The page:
The Rule of the Many: Fundamental Issues in Democratic Theory

By Thomas Christiano | Go to book overview

only be brought about by a process of deliberation in the society that will determine the basic aims. Chapters 7 and 8 will deal with this process.


Notes
1.
Thomas Hobbes had a formalist view of responsibility. He thought that the fact that the members of a commonwealth have authorized the sovereign implies that the sovereign is responsible to the members. But the sovereign has no duties to the members in Hobbes's account. See Thomas Hobbes, Leviathan, ed. C. B. MacPherson (Harmondsworth, Eng.: Penguin Press, 1968 [ 1651]), pp. 228-236. See also Hanna Pitkin, The Concept of Representation ( Berkeley: University of California Press, 1967), pp. 15-59, for a discussion of a number of formalistic conceptions of representation.
2.
John Plamenatz, Democracy and Illusion ( London: Longman, 1973), pp. 184-185.
3.
Plamenatz, Democracy and Illusion, pp. 186-187.
4.
Plamenatz, Democracy and Illusion, p. 190.
5.
See Plato, The Republic, 2nd edition revised, ed. Desmond Lee (Harmondsworth, Eng.: Penguin Press, 1987), pp. 177-187. Within democratic theory, C. B. MacPherson has articulated a fairly extreme version of substantive political responsibility of rulers to citizens. See his Real World of Democracy (Montreal: CBC Enterprises, 1965).
6.
See American Political Science Association, Towards a More Responsible Two Party System ( New York: Rinehart & Co., 1950).
7.
See Edmund Burke, "Speech to the Electors of Bristol", in Burke's Politics, ed. Ross J. S. Hoffman and Paul Levack ( New York: Alfred A. Knopf, 1949).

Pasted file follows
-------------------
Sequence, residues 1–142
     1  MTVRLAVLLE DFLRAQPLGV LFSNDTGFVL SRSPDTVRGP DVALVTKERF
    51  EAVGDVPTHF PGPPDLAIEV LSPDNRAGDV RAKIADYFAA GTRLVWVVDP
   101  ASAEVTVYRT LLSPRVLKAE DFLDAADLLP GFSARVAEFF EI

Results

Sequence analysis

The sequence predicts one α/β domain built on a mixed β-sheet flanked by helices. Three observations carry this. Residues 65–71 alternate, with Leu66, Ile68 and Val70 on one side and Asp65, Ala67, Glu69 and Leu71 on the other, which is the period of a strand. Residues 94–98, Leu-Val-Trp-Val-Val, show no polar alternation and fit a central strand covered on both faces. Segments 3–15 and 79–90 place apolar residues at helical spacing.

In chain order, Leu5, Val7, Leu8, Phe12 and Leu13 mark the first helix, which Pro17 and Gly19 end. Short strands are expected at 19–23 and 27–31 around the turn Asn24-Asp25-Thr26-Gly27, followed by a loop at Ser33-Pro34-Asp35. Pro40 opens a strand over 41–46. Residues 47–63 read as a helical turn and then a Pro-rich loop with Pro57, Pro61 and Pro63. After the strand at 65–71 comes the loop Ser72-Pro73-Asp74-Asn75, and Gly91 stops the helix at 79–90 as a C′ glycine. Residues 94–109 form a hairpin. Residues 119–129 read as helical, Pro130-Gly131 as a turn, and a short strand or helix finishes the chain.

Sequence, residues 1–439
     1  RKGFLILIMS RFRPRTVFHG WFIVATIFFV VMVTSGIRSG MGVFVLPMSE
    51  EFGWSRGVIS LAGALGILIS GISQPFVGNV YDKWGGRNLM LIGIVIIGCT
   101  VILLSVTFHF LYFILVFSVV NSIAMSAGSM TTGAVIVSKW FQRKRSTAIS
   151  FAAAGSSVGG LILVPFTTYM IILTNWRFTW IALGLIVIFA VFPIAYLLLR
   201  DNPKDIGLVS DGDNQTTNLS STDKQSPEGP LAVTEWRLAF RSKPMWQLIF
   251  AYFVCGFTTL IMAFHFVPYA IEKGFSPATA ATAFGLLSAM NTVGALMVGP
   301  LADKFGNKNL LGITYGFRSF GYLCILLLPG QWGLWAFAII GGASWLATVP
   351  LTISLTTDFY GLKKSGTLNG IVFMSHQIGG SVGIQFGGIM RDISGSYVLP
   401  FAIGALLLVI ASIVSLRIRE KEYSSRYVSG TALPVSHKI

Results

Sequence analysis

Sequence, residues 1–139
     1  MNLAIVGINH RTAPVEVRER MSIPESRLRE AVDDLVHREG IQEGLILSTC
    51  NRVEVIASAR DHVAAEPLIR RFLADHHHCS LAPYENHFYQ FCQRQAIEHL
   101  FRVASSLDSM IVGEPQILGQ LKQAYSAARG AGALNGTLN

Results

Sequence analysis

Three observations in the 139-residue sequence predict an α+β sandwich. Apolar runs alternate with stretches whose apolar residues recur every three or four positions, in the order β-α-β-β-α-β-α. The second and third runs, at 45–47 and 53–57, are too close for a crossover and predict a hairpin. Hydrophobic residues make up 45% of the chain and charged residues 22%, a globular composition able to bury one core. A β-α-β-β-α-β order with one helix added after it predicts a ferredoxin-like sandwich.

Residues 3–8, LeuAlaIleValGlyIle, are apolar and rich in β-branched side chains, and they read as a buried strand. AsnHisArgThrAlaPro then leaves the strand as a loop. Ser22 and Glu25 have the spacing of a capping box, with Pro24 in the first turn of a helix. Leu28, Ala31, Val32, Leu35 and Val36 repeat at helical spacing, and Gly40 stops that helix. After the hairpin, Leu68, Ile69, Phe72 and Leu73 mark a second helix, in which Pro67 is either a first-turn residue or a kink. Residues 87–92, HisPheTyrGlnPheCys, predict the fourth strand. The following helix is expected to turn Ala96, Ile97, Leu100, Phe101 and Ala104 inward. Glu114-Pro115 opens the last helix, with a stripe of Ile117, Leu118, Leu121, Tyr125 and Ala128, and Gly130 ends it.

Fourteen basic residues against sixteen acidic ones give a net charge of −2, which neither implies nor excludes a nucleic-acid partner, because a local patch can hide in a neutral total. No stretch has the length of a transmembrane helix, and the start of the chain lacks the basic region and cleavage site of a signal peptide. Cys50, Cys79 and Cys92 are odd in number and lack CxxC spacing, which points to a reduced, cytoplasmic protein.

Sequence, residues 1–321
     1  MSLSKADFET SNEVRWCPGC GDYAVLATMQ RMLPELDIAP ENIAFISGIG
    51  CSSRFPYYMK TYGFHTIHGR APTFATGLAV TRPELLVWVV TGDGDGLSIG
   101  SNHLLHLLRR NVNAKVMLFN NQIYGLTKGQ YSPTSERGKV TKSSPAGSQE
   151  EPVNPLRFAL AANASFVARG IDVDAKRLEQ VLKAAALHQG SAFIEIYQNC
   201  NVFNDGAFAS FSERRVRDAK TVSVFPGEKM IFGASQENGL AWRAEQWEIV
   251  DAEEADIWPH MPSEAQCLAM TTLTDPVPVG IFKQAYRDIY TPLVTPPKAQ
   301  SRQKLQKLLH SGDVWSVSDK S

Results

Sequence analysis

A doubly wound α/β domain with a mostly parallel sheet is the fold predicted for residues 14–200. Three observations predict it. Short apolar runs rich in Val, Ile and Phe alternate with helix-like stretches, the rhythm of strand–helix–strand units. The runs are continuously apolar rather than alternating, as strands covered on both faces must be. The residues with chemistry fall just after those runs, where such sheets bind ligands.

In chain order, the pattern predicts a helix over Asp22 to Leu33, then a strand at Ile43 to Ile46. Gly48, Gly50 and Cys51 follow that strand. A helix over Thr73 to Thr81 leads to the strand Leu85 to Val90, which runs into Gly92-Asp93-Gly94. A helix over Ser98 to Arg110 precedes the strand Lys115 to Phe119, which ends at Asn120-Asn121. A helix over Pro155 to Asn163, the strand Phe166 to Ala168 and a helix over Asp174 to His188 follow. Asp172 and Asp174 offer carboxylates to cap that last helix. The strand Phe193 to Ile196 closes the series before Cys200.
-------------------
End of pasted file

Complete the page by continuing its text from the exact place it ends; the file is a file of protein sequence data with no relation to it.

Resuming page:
8.
See Cass Sunstein, "Interest Groups in American Public Law", Stanford Law Review 38, no. 29 ( November 1985): pp. 29-87, p. 46. See also Charles Beitz, Political Equality (Princeton: Princeton University Press, 1989), p. 205. This conception of the task of the legislative assembly is attributed by Sunstein to James Madison, but its clearest exponent in the eighteenth century is Edmund Burke in his "Speech to the Electors of Bristol," in which he is very clear on the idea that deliberative assemblies are opposed to democratic equality.
9.
See Hannah Pitkin, The Concept of Representation ( Berkeley: University of California Press, 1967), chapter 4, for this view, which she calls "descriptive representation."
10.
See Bernard Grofman and Chandler Davidson, eds., Controversies in Minority Voting ( Washington, D.C.: Brookings Institution, 1992).

-240-

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The Rule of the Many: Fundamental Issues in Democratic Theory
Table of contents

Table of contents

  • Title Page iii
  • Contents v
  • Acknowledgments ix
  • Introduction 1
  • Notes 11
  • Part One Foundations of Democracy 13
  • Chapter One - Self-Government 15
  • Chapter Two - Equality 47
  • Notes 98
  • Part Two Democracy and the Problem of the Modern State 103
  • Chapter Three - the Challenge of the Modern State to the Democratic Ideals 104
  • Notes 128
  • Chapter Four - the Economic Conception of Citizenship 131
  • Notes 159
  • Chapter Five - a Normative Conception of Citizenship 165
  • Notes 201
  • Part Three Principles and Problems of Democratic Institutions 205
  • Chapter Six - Equality and Legislative Representation 206
  • Notes 240
  • Chapter Seven - Interest Groups and Political Parties as Institutions of Deliberation 243
  • Notes 262
  • Chapter Eight Equality in the Process of Social Deliberation 265
  • Notes 295
  • Selected Bibliography 299
  • About the Book and Author 305
  • Index 307
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